I stood nervously behind the stage, trying through sheer will to prevent the little beads of sweat from forming on my forehead. It’s not going well. I’m about to walk out in front of a large crowd of people and openly commit fraud. Certainly this is fraud. I’m about to accept a high school diploma that I know I didn’t earn. Just two weeks earlier I’d been a drop-out. Rather than going to school everyday, I spent the majority of my afternoons on the couch with a giant bowl of Cocoa Puffs, nodding my head in agreement as the Honorable Judge Judy scolded her defendants for their laziness and lack of character. And now here I am. About to accept my diploma.
I should mention that, at this time, I was nineteen with a two month old baby at home. The situation was starting to make me feel a bit desperate. Just not desperate enough to get off the couch and actually do anything about it. I suspect many of my fellow Judge Judy fans share this affliction of quiet desperation combined with couch based paralysis. It’s an epidemic. Fortunately, I found a school that was more desperate than I was. It was a charter school.
When I say that I found a school, what I really mean to say is that my caseworker from the teen parents outreach program found a school for me. My caseworker’s name was Faviola and if there’s a hero in this story, it’s her. She was desperate too.
Together we were desperate that I move forward in my life. I was desperate to become the person my daughter needed, my caseworker was desperate for a win, and the school was desperate for graduates.
I still don’t know how Faviola found this place, but it turns out that in Texas, if a charter school doesn’t have any graduates, it can lose its charter and be shut down. This place had been doing an excellent job of helping their students get GEDs. All of them. They hadn’t actually graduated a single student that year. So when my caseworker told them I was a senior who only needed a few credits to graduate, they were super eager to meet me.
After reviewing my records, it turned out that I only needed 12th grade English to graduate, which I probably would have known if I’d bothered to show up at school anytime in the past year. But after things hadn’t work out at alternative school, I was pretty much over the whole school thing.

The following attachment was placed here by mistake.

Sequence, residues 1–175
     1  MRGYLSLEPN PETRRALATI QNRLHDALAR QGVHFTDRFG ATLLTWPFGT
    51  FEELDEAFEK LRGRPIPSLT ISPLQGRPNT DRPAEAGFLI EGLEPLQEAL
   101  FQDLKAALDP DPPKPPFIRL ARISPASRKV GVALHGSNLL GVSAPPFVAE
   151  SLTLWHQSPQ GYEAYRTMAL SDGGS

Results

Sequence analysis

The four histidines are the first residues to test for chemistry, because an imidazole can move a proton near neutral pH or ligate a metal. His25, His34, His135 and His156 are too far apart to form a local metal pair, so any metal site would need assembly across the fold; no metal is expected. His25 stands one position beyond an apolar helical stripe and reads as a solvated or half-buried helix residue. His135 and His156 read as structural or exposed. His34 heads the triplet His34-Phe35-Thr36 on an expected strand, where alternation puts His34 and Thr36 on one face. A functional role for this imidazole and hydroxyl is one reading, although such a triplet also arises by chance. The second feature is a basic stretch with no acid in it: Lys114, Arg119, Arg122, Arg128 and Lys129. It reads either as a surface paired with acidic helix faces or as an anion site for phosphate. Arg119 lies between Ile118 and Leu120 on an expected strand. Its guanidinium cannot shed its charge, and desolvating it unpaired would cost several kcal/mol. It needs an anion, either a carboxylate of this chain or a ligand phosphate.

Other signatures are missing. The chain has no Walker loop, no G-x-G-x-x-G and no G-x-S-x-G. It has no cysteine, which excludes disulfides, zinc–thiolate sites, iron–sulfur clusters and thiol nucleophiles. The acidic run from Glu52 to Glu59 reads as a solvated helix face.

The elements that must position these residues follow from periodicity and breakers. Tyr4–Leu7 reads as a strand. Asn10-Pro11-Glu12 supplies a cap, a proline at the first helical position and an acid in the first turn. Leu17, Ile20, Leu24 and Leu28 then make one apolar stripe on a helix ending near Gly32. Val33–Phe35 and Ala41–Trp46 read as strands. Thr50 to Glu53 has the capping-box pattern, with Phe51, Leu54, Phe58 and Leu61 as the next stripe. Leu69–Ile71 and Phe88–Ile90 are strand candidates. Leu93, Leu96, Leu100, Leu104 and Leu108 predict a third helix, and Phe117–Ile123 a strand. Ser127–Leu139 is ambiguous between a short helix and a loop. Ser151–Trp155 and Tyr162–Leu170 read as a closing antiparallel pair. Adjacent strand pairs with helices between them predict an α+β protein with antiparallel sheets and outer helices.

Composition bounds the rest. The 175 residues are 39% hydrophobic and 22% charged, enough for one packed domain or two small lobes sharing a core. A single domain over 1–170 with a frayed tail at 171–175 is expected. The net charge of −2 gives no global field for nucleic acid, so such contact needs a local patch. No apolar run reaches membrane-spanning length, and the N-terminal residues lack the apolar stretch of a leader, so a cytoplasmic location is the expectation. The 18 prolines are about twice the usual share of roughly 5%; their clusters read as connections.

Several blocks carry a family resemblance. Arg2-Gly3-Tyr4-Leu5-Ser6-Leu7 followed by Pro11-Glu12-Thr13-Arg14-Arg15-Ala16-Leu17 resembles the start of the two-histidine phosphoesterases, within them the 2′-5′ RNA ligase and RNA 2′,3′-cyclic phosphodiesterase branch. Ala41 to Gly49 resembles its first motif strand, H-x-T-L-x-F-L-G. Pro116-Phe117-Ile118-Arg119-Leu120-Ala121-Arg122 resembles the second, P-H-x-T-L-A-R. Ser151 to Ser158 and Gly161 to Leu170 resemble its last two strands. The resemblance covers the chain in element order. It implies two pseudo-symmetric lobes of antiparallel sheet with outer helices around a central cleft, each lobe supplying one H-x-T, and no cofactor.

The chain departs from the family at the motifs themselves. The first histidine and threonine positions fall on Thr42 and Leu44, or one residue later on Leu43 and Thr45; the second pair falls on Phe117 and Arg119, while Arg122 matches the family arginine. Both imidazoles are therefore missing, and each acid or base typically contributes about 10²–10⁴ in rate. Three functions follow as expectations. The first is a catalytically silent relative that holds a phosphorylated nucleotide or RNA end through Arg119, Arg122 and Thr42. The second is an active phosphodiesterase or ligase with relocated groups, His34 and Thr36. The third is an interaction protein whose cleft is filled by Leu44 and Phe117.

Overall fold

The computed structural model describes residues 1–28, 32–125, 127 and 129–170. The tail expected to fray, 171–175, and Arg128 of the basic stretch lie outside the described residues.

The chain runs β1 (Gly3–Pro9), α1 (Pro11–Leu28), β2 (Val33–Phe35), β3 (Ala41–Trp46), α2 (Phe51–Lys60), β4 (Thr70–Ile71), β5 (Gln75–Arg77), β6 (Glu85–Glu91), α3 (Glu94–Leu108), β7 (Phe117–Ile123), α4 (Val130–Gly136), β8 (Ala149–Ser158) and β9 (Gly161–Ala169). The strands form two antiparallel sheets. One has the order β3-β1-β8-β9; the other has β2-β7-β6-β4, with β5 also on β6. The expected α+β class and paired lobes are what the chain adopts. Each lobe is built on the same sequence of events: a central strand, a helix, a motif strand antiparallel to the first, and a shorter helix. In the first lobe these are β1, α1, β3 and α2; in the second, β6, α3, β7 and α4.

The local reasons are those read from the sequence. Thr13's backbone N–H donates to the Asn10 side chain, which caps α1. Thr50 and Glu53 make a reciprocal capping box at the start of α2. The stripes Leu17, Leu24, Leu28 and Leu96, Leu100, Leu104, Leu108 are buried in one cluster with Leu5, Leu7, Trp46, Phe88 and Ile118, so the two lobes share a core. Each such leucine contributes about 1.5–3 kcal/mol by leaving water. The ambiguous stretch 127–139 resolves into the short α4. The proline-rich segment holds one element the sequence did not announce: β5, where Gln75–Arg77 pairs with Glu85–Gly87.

I show up to the charter school with my caseworker and enroll myself because I’m technically an adult at this point. I go into one of two classrooms and meet my new teacher who assigns me the book The Outsiders and wants me to write a report on it. For those who aren’t familiar, The Outsiders is a book most people read in 8th grade. I figured she was just starting me off slow. I’ve always been a strong reader so the next day I handed in my book report and asked for my next assignment.
She asks me to wait a minute and leaves the room. After talking with somebody in the hall for a few seconds, she returns to ask if I would be able to make the graduation ceremony in two weeks.
I know, but it gets worse.
Now I’m backstage in this large auditorium. They’ve invited a female lawyer who had recently been elected judge to give the commencement speech. There are a few hundred people in attendance, mostly family members of the “graduates” who are really just a bunch of people having a ceremony for passing the GED. About half of them rented caps and gowns for the occasion. The other half decided against it. Still, I felt they had more reason to be there than I did. They had all passed a test, I had just written my opinion about a book.
As they begin to call names, a woman from the school ushers me toward the back of the line. She’s smiling so hard her eyes are squinting as she lets me know “We’re letting all the GED people go first.” This seems perfectly fair because they’d been working toward something, I had only attended the school for two days. They should totally get to go first.
At any moment, I feel like someone’s going to tap me on the shoulder and say “Hey, we checked it out and writing a book report for The Outsiders doesn’t get you credit for 12th grade English so we’re going to have ask you to leave.” That would be embarrassing. I had already told my grandparents I was going to college.